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This Is Exactly How Long Hard Boiled Eggs Last

Country Living logo Country Living 4/3/2019 Jennifer Aldrich
an egg on top of a wooden table: You know hard boiled eggs are a tasty, healthy snack, but you're probably curious if hard boiled eggs go bad. Although eggs are perishable, with proper storage, they can last quite a while. © Getty Images You know hard boiled eggs are a tasty, healthy snack, but you're probably curious if hard boiled eggs go bad. Although eggs are perishable, with proper storage, they can last quite a while.

Hard boiled eggs are a delicious, nutritious food that can be enjoyed at any time of year for breakfast, lunch, or dinner. Although there's no "season" for eggs, with Easter Sunday approaching and annual egg decorating underway, boiled eggs are receiving their yearly renewed interest. If you're using natural dye to color your eggs, you might be tempted to enjoy your festive creations as a post-holiday snack. (And with all the delicious dishes and indulgent desserts being served on the holy day, you're probably even craving a wholesome bite).

But before you go gobbling up your Easter decorations, it's important to know how long hard boiled stay safe to eat-no one wants to spend April 21, or any other day of the year, for that matter, ill over a bad egg. Here's how long hard boiled eggs last.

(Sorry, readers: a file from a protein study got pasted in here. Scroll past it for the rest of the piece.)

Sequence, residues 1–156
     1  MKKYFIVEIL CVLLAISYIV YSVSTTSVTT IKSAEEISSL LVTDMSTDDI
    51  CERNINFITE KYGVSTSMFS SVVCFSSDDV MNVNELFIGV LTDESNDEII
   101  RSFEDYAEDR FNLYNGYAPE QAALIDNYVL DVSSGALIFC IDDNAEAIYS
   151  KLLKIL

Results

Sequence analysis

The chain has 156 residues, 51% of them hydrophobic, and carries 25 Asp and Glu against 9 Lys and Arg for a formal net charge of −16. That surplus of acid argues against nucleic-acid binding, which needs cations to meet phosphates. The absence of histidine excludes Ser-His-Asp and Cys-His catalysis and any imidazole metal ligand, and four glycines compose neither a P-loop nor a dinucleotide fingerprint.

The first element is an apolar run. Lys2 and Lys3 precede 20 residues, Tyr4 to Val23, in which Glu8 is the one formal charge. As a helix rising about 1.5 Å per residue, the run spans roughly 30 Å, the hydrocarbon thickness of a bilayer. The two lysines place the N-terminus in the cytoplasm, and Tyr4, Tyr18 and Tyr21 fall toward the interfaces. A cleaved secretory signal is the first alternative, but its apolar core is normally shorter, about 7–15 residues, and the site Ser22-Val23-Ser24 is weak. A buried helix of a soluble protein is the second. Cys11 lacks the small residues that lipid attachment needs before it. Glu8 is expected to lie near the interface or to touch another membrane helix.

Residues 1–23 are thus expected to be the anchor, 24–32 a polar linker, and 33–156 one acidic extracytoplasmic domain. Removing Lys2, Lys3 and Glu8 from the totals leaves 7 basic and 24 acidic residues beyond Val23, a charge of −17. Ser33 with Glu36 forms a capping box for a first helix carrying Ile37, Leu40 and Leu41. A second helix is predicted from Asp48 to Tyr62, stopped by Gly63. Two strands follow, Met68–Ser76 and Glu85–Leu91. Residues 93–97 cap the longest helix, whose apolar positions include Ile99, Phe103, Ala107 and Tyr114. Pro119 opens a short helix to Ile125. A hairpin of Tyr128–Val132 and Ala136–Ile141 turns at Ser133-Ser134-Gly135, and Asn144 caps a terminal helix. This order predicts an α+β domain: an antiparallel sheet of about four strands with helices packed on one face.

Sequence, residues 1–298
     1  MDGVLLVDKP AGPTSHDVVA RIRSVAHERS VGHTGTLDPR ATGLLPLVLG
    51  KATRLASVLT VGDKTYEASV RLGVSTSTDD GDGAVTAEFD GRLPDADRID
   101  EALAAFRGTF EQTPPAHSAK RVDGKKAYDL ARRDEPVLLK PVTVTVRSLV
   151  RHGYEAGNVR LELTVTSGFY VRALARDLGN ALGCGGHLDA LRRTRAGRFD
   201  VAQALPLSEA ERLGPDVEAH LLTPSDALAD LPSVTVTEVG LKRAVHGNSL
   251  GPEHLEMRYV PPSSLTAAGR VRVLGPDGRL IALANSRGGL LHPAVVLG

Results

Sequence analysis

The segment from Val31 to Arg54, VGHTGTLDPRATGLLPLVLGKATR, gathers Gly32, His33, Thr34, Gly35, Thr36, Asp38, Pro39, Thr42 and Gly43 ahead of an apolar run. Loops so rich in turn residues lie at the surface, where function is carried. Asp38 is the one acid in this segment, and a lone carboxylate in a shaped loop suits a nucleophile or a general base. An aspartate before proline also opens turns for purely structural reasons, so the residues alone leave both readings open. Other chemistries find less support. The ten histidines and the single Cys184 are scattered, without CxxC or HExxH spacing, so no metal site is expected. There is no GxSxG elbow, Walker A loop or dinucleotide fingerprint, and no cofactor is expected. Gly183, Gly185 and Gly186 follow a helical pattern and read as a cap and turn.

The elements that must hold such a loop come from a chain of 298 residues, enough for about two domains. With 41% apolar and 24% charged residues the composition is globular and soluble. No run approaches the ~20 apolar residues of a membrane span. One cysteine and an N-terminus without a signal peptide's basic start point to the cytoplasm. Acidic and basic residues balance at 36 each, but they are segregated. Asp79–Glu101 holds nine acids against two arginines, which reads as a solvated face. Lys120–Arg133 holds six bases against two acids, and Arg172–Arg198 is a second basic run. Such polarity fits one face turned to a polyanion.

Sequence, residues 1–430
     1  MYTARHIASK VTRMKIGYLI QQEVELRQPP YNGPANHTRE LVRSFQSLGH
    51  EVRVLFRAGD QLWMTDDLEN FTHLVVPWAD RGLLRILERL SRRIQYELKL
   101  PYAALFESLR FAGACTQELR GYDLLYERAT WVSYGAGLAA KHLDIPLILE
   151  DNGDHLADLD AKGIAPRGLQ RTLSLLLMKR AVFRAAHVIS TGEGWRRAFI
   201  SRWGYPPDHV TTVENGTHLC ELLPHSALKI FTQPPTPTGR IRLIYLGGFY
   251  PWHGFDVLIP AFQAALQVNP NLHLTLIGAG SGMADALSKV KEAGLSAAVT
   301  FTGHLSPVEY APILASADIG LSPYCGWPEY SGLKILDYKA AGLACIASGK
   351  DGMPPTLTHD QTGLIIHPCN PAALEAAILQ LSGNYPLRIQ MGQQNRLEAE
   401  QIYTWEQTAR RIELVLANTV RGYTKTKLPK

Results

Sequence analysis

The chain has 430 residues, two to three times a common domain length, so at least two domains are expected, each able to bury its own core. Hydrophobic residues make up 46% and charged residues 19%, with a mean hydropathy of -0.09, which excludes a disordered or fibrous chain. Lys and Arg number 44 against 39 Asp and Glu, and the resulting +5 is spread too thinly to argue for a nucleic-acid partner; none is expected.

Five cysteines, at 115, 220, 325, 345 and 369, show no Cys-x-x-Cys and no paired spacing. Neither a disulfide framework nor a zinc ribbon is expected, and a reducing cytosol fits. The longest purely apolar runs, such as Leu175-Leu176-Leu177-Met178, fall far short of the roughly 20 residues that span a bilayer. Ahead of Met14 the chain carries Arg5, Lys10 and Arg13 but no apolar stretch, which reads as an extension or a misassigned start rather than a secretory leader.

How long do hard boiled eggs last refrigerated?

The best bet for hard boiled eggs is to keep them stored in the refrigerator, according to The Incredible Egg website. In the shell, hard boiled eggs should last for up to a week when properly stored, but peeled eggs should be eaten the same day. The site recommends stowing all types of eggs at 40 degrees Fahrenheit or less, and to keep them "in their original carton on an inside shelf and away from pungent foods." It is not recommended to freeze hard boiled eggs, whether the shell is on or off.

How long do hard boiled eggs last at room temperature?

Now, when it comes to eggs that are non-refrigerated-which is probably the category most adorned Easter eggs fall under-it's a completely different story. Citing the Centers for Disease Control and Prevention, LiveStrong.com writes that perishable foods, which includes eggs, only last about two hours outside the refrigerator. After that time, they either need to be thrown out or chilled again. The CDC adds that if it's over 90 degrees in the area in which they're being served, say, at a backyard barbecue or summer picnic, easily spoiled items needed to be discarded after just one hour.

Although this might dash your dreams of enjoying your adorned eggs as a little nibble, it's certainly better to be safe than really sick.

Related video: How to poach an egg perfectly [provided by Delish]

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